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Since a home will probably be the biggest asset we own, we’ll need to protect it in case something unexpected happens. With most house insurance, it’s up to us to set our ‘sum insured’ – the capped amount the insurer would pay if our home were destroyed.

What would it take to rebuild?

Instead of insurance that would fully replace our home no matter what the cost (which some insurers still offer), these days most insurers require that we set our own level of insurance at a capped amount. Our ‘sum insured’ is the highest amount that our insurer will pay if our house is damaged beyond repair.

We need to set that sum ourselves, by figuring out how much would be needed to replace our home.

If we set our sum insured too low, we could end up not receiving enough to rebuild our home after a disaster and having to pay the difference. If we set our sum insured too high, we may be paying for insurance we don’t need.

More about sum insured

The sum insured should be set at the amount it would take to completely rebuild your home – including the costs of demolishing and removing what’s left of your old house, if necessary.

So you cannot base our estimate on:

  • How much you paid for your house
  • How much it cost you to build it
  • How much it’s worth today
  • How much its rateable value is
  • How much the land is worth (since insurers do not insure the land)

Remember that the sum insured is the cost to rebuild, and it will change each year due to inflation and availability of materials and labour. And if you renovate, you’ll need to adjust the estimate once again.

You also need to consider other features on the property, such as the driveway, retaining walls or pools, as these are covered by your house insurance policy too.

Getting the sums right

Your sum insured has to be accurate and kept accurate, and it’s up to you to make sure it is.

To help, some insurers have come up with free online calculators such as the one at need2know.org.nz from IAG. These have been adapted for New Zealand conditions and can give an estimate of what the cost to rebuild might be.

It makes sense to review these costs annually and adjust your sum insured if necessary.

It might be tempting to skip raising the sum insured every year in order to save money on home insurance premiums – resist the urge and stay covered!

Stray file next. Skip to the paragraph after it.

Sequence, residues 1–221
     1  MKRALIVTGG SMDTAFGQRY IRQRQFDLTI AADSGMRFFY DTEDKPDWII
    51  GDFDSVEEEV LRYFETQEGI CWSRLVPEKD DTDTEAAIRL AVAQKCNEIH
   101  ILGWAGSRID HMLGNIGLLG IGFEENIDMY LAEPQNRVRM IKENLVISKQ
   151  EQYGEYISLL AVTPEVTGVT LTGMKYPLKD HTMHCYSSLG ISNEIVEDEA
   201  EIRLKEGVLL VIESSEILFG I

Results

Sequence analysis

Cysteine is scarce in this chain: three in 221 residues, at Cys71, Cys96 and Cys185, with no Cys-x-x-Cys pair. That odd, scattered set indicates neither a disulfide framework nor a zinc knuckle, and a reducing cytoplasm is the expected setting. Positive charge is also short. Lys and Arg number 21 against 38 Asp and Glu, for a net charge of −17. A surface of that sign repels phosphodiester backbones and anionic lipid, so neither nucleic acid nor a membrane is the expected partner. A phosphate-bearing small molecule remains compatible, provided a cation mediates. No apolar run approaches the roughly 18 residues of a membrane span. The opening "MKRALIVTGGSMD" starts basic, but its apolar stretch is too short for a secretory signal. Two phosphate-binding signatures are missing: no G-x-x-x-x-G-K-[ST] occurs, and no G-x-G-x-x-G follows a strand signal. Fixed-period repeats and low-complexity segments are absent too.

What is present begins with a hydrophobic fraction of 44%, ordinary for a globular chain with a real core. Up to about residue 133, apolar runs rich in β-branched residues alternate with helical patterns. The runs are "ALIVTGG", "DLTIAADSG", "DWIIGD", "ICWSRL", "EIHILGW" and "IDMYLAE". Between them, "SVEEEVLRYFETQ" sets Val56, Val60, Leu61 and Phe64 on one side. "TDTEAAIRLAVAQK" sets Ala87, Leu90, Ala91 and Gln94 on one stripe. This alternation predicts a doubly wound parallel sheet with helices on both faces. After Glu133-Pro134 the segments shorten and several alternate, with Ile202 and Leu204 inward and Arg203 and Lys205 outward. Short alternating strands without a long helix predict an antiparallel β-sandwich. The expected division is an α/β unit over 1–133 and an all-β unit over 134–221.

What a calculator can’t do

Online home insurance calculators can estimate your sum insured each year and when you make changes to your home. However, they generally won’t be able to take into account:

  • Special features you may have on your house or property
  • If your house is built on a steep slope
  • If you have a home that is particularly large or expensive

Calculators do not allow for things that may go along with rebuilding, such as removal costs or building consents you may have during the rebuild.

If your home is unique in its design, construction or location, the extra cost it would take to rebuild may not come up in the calculator. If your sum insured does not cover all your potential costs, you could end up paying for them yourself.

Finally, a home insurance calculator can suggest a higher amount each year for your sum insured, but it will be up to you to increase the figure each year with your insurer. 

Where to go for help

Getting professional help to provide an estimate of what it could cost to rebuild our home, for example from a quantity surveyor, can give us an accurate figure for our sum insured. They will charge a fee for this service, so discuss this with them in advance.

The New Zealand Institute of Quantity Surveyors has listings of firms around the country that can help.

The Insurance Council of New Zealand has more information as well.

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